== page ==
The Squeezebox Duet helps lazy music lovers live the dream of easy access to their digital album collections. Like an AirPort Express, the compact receiver connects to your stereo and plays songs from a wirelessly networked Mac, so you can enjoy your tunes without having to get up off the couch. But the receiver is just half of Logitech’s duo: Taking a feature from high-end systems, the Duet lets you control everything using its Wi-Fi LCD remote. That means that you’re free to wander away from the stereo and your Mac, changing tracks from anywhere on your Wi-Fi network. While the Duet hits a couple of sour notes, the sound quality and convenience are hard to beat.
Having good music in your car is almost as essential as filling it with gas. But looking down at your iPod’s controls can be downright unsafe. You can often skip a track without taking your eyes off the road, but turning on shuffle or selecting a new playlist can be several menus away. Scosche’s IPNRFC is an RF remote control that attaches to your steering wheel for heads-up control of your dockable iPod.
A speaker in every room has been many a homeowner’s dream. Alas, this usually means hiring professionals to run speaker wires through your house—or doing it yourself and inadvertently creating softball-size holes that start off the size of a pea. The Eos Wireless iPod Speakers bring the dream of a home filled with music without your having to hang large pictures to cover up any DIY attempts.
Dictate comes with a USB headset. Dictation programs act as your personal typist, transcribing words as quickly as you speak—theoretically, anyway. Initially, Dictate did an excellent job transcribing our spoken phrases into onscreen text. And it even let us control menus, edit text, and access other functionality in the open app, so we kept our hands off the keyboard with great success. Dictate impressed us with its quick, accurate performance. However, we hit a wall almost immediately. In its initial release, Dictate can’t improve its accuracy when listening to your corrections. If it thinks you mean “racket” when you say “wrecked,” it always will until MacSpeech releases an update.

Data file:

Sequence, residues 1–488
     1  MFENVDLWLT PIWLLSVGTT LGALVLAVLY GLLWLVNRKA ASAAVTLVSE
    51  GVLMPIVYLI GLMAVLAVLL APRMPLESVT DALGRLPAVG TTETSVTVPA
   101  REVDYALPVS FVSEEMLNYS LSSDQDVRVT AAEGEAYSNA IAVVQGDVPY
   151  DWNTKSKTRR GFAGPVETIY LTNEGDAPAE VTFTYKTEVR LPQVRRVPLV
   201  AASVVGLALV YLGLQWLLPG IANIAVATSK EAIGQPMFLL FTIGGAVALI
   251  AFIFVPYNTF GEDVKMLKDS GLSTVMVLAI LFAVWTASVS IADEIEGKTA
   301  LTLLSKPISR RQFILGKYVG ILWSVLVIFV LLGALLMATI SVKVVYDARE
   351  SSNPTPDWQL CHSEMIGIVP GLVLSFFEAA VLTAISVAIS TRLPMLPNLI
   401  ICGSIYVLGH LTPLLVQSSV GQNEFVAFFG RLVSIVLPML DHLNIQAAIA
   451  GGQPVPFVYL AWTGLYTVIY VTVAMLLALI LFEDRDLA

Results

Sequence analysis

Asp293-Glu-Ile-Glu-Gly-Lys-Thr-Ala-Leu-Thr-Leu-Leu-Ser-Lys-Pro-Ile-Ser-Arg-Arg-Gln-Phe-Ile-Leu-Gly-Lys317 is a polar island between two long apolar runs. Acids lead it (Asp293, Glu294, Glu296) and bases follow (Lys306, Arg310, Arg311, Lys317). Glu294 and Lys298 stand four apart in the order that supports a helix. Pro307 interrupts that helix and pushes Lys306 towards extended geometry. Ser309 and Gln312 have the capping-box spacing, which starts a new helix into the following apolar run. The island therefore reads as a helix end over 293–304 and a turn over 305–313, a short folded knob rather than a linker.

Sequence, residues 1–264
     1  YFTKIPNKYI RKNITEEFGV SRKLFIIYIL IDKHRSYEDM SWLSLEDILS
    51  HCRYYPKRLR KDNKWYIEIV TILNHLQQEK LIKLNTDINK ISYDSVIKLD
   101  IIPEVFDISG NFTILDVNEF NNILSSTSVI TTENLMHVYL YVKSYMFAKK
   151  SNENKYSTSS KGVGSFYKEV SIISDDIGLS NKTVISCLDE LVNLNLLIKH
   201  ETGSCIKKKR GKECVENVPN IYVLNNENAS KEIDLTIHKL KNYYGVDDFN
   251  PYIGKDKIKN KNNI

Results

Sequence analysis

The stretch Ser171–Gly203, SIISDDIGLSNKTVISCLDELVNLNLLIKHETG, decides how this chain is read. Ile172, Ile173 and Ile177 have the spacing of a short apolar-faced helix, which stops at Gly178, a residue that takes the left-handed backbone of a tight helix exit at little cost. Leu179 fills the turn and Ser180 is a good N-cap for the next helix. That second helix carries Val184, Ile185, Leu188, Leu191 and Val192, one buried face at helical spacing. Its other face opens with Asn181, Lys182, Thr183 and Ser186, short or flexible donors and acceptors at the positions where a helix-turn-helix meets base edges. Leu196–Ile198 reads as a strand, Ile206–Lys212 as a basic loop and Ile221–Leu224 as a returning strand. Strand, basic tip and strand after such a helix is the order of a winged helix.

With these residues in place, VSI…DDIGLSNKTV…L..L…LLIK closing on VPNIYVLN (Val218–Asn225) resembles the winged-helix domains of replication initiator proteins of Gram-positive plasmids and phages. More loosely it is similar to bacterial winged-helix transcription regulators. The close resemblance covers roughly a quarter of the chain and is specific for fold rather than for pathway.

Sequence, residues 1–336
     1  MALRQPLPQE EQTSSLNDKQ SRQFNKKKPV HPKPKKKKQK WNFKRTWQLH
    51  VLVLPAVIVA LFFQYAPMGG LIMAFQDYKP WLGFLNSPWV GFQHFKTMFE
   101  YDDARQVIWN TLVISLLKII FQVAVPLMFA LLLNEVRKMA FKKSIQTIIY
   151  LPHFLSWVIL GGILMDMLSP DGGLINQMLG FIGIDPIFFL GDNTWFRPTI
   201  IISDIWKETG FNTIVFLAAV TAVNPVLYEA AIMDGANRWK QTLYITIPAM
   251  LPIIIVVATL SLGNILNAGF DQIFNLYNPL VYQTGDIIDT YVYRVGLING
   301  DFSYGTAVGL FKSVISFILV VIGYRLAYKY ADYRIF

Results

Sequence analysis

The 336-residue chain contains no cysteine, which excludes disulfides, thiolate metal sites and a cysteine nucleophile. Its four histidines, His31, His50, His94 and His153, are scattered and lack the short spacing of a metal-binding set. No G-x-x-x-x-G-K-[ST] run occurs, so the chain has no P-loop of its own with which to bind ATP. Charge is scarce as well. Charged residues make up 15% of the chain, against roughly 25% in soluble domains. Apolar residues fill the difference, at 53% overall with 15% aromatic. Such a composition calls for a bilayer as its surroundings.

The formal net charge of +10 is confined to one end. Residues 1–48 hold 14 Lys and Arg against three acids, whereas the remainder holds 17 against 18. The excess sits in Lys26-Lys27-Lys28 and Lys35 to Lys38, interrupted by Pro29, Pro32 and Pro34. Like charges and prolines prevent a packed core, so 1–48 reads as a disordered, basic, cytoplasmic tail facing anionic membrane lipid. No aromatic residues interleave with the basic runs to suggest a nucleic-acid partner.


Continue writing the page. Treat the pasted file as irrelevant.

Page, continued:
The isolation headset embodies form and function. Like the iPod before it, the iPhone has created a cottage industry of cases, add-ons, and headsets. Maximo is hoping that its latest foray into the headset market will get you to drop Apple’s standard white headset. Right out of the box the iMetal headset came equipped with something all manufacturers should include: an extension cable. Too many times we’ve had to reconsider which pocket to stash our iPhone in because of too-short headset cables.
Choose Music > Pop-H when you're rocking out to Abba with headphones. Sure, it's easy enough to do, but we were too lazy to change Hear's preset to Hip Hop / Rap-H when the song switched to Akon's Smack That. Even nonaudiophiles can appreciate an app like JoeSoft's Hear, which, for $49.95, boosts the sound quality of your entire digital music library - and any other audio you care to listen to on your Mac. After an admittedly quick look at the app, however, we found ourselves wishing JoeSoft could build in a few more features that cater to lazy mousers like us. To wit: With its dozens of music presets - from Alternative / Punk to Hip Hop/Rap to Techno, all for both speakers and headphones, choosing the one you want quickly is, well, a challenge.
Perfect for camping, hotel rooms, or anywhere you need a tiny speaker. We’ve seen hundreds of iPod cases, scores of speakers, and even a few novelty products like bags and coolers that pack built-in speakers with iPod connections. But the iMainGo 2 combination case and speaker is one of the most useful and decent-sounding products we’ve tested—especially for its $40 price.
It looks great, but the Tango X2’s sound won’t make you feel like dancing. At first blush, the Tango X2 iPod speaker dock gets plenty of points for design. The smooth, black box takes the space of a couple of encyclopedias, and its elegant silver trim works dressed up for a dining room or down for a bedroom. But the Tango X2 has two left feet where it really counts, blasting out shrill, distorted sound.
This is one bug that won’t spoil your picnic. Standing out is important in the crowded iPod-speaker market, and Vestalife manages to do that with its first entry into the field, the Ladybug. At first glance, you might not even think it’s a sound system at all. It just looks like a 5.4-by-5.6-inch ball that resembles an overgrown ladybug with closed wings. When you open it up, the speakers fan out, exposing the docking area, and the device looks ready to fly off your shelf. Parents will appreciate the unique rubberized coat of paint that gives the sub-2-pound speaker an original feel and makes it simple for kids to grip without dropping.